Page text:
Apple has come under fire for keeping all products of its new interactive book-making tool within its walled garden. According to a tough End User License Agreement, any iBooks created by the iBooks Author software can only be sold through the iBookstore so Apple can help itself to a 30 per cent cut.
But an unusually chatty Apple UK spokesman has revealed that the current legal wording allows iBook files to be distributed and read on other platforms – including the Android Kindle Fire.
The catch is that the iBook would have to be free. So while that might provide greater reach for an iBook author and extra choice for the Kindle reader, there would be no commercial advantage for the author.
Apple's grip on the cash flow remains, but it's interesting that Cupertino would clarify that it hasn't outright banned .ibook files from being distributed on platforms outside iOS.
A sample page of an iBook showing an interactive widget
The legal rewrite of the End User Agreement on Friday clarified that authors using the iBooks Author app could export their content as a PDF to send it to other platforms. This fresh Apple statement to The Register suggests that writers could legally export it to other platforms as an iBook too, thus keeping in the interactive features that make the electronic tomes interesting.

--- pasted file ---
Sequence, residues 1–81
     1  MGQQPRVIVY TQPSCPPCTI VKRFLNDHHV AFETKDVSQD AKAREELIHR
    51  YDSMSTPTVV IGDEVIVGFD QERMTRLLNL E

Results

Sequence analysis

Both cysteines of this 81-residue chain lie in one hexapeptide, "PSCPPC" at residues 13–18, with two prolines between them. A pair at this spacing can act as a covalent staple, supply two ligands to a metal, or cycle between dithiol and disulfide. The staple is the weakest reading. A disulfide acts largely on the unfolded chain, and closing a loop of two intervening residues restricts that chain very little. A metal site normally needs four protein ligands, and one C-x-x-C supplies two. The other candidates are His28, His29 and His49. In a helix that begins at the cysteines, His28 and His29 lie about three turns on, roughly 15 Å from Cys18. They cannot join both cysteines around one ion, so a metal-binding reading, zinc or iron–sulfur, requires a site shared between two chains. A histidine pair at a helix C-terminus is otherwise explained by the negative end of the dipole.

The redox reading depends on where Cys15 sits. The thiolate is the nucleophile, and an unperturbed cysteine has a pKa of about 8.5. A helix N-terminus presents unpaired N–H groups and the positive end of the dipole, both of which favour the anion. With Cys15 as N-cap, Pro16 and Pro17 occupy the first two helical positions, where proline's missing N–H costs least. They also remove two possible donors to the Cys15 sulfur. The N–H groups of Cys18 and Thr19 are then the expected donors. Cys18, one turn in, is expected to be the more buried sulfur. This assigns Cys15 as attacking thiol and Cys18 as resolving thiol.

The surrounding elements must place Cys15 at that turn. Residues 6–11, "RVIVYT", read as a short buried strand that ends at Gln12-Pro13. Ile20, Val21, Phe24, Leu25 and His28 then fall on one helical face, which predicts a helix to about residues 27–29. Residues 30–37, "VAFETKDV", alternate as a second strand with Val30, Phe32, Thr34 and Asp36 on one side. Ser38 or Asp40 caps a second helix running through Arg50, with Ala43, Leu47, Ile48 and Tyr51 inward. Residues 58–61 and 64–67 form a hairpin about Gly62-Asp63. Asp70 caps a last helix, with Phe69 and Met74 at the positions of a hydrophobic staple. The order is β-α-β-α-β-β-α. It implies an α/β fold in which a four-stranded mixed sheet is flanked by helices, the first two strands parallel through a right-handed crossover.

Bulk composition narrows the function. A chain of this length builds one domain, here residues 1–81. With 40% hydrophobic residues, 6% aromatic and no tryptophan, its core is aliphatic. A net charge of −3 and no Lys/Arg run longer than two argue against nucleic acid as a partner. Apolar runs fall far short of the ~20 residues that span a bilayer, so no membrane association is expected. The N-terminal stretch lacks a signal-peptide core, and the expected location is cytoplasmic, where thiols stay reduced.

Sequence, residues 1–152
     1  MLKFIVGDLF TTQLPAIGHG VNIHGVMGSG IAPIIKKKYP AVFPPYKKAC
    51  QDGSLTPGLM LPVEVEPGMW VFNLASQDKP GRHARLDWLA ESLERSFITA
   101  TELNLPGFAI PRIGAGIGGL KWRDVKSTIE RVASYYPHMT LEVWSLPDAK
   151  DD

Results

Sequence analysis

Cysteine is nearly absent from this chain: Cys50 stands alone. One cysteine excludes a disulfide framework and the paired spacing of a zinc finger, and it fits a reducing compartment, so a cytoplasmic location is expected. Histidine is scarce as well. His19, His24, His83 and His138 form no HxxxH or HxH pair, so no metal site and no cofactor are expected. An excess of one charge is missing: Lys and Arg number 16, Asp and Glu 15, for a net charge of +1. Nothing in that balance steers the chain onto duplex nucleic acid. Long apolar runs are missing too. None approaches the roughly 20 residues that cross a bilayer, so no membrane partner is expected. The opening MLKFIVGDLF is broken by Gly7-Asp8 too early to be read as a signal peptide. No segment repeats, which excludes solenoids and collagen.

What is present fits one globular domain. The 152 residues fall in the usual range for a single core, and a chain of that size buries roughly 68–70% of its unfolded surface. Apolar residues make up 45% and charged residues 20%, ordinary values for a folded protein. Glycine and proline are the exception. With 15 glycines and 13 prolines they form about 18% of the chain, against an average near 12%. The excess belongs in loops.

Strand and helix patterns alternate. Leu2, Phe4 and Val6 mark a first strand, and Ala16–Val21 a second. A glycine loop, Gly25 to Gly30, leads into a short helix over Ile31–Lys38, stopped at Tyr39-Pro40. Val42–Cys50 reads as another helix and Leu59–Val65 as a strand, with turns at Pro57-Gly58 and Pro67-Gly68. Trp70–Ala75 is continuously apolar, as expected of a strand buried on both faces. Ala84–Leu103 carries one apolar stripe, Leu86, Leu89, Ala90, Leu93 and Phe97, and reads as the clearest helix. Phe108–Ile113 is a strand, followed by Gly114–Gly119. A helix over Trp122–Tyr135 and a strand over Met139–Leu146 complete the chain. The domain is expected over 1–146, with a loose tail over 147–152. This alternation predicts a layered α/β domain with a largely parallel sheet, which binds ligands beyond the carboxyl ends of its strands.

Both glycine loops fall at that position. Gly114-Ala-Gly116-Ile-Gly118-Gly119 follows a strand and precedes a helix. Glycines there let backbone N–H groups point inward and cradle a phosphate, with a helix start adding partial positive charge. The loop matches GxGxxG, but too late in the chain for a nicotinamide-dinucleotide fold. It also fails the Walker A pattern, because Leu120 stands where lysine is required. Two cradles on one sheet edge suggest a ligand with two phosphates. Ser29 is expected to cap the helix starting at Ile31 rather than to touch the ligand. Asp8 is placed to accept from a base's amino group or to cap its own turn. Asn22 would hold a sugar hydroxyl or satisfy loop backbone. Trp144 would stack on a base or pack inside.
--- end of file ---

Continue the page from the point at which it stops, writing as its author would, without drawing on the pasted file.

Of course although the legal framework is there, the technical one currently isn't: there is no way to get or view iBook files on Android or Windows. Still, the new information shows that the door is open to such apps in future which we presume would work on the same model that the iTunes app does on Windows.
The Apple spokesperson pointed out that while free iBooks could "theoretically, yes" be read on other devices, that wasn't a current option: "iBooks app is exclusive to iOS. The point is that if you use iBooks to create your content then that file should only be sold on the iBookstore." ®
Updated to add
Apple has since popped online a clarified FAQ explaining its position on the distribution of iBooks.